On January 13, 2023, Attorney General Merrick Garland signed the ATF rule 2021R-08F “Factoring Criteria for Firearms with Attached ‘Stabilizing Brace.'” The rule clarified the definition of a rifle as understood in the context of the National Firearms Act to mean a firearm “designed, redesignated, made or remade, and intended to be fired from the shoulder.”
The ATF’s press release maintains that the rule does not affect braces that are objectively designed and intended as a stabilization brace intended to conform to the arm rather than act against the shoulder. The latter type of brace would be considered a buttstock, classing a braced pistol as a short-barreled rifle, subjecting these firearms to disposal or registration within 120 days.
Jeff Creamer, the founder and CEO of SB Tactical, responded to the rule, “Under the disguise of safety, the ATF is targeting law-abiding firearm owner, particularly those with different physical needs, with an unnecessary and unlawful infringement of rights. We will not simply sit back and watch this happen.”
SB Tactical created the first pistol stabilizing brace in 2012 to allow shooters with disabilities and limited upper body strength to hold AR-style pistols steadily and safely. Since then, braces have been popularized by a number of firms to make pistol-grip-only firearms more shootable. The Congressional Research Service estimates that there are between 10 and 40 million pistol braces in the ether, the lion’s share of which would become an NFA item.
Pistol braces have been a source of controversy since their debut. Opponents claim that braces are a workaround that allows for a compact, concealable weapon with rifle power that is more dangerous to the general public than conventional handguns. Despite a few high-profile shootings such as a 2021 mass shooting in Boulder, Colorado, braced pistols are rarely used in crime as they possess neither the concealability of a true pistol nor the power of a conventional rifle. But the thin line in which braces walked between legal and illegal goes back to their invention.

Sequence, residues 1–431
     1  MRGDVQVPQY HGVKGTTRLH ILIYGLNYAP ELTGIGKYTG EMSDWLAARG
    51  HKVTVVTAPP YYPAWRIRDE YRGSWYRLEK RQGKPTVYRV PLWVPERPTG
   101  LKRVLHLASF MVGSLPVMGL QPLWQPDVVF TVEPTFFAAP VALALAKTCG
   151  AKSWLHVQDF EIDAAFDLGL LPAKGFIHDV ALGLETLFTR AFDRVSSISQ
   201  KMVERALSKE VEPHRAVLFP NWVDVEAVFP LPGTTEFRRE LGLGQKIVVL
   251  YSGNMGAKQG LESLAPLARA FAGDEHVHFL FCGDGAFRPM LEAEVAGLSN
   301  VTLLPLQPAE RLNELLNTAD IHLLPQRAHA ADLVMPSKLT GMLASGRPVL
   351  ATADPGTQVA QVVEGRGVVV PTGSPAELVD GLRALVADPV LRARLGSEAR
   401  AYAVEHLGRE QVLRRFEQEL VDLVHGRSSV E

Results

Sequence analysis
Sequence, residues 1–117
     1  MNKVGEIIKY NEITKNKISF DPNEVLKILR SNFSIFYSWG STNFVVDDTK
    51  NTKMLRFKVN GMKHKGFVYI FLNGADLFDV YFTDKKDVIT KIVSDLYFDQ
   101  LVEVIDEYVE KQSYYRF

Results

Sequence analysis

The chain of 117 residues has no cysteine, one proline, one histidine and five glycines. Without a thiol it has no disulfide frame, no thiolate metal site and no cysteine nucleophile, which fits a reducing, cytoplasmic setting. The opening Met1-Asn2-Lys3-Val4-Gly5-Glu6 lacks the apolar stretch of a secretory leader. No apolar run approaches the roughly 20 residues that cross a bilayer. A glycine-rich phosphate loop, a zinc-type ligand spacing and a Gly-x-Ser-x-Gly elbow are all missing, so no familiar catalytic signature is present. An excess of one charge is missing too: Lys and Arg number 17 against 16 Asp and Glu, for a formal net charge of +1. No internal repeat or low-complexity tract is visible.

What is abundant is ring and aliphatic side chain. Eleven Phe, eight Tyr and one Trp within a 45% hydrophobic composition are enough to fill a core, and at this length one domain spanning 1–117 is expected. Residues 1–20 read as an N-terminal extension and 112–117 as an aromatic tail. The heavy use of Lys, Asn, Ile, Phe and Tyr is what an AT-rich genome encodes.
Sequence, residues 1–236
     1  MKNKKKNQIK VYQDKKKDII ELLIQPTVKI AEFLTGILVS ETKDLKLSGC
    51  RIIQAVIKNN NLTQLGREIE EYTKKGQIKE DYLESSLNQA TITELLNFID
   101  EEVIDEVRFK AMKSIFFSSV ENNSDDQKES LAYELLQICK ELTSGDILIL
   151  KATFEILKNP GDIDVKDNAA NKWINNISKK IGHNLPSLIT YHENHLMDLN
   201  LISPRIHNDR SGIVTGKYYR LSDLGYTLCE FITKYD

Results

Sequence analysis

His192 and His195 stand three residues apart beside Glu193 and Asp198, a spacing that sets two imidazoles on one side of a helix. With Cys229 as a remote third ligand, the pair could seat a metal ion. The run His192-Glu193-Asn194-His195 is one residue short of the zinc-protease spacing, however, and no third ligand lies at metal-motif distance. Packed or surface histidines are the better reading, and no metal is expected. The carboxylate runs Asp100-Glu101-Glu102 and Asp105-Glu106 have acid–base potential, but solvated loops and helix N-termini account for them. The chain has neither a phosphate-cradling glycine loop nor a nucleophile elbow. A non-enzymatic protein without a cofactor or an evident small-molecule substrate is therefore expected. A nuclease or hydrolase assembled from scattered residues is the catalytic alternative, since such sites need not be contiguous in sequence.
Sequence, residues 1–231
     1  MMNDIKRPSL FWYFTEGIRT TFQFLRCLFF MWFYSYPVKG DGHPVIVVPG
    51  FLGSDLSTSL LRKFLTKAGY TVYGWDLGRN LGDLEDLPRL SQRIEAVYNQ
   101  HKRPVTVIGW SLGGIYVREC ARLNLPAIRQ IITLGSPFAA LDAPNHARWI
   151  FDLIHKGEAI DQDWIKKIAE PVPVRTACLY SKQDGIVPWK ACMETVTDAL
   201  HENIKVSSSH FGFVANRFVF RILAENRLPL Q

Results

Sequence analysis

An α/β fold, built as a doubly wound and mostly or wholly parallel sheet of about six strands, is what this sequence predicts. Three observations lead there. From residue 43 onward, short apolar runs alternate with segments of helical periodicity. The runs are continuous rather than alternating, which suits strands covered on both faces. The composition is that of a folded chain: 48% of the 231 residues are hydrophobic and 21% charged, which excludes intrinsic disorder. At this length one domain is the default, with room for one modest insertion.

In 2012, the ATF determined that braces for an AR-type pistol did not change their classification into a short-barreled rifle. In 2015, the ATF published an open letter on the legality of braces as shoulder stocks. Through a series of private letters, those requested by taxpayers on their particular situation, the ATF returned to its former position. In 2021, a proposed rule on brace regulation was created and submitted for public comment. The final rule draws a distinction between stabilizing braces and those shaped like buttstocks, classifying them as NFA territory.
The ATF’s last stand comes with implications. The usual $200 tax stamp to register a short-barreled rifle will be relieved for braced pistols submitted for registration within the registration period. This will constitute a loss of revenue for the government, as well as political ramifications.
Travis White, president of the Firearm Regulatory Accountability Coalition, describes the executive’s new rule as poisonous if “this administration is willing to target such a large body of law-abiding Americans for no real public safety benefit, it must be prepared to deal with the legal and electoral consequences.”
The new rule must also stand up to judicial challenges as well as legislative acts to overrule the executive decision, such as the Pistol Brace Protection Act, which has been stuck for revisions with the Senate Committee on Finance since the spring of 2022.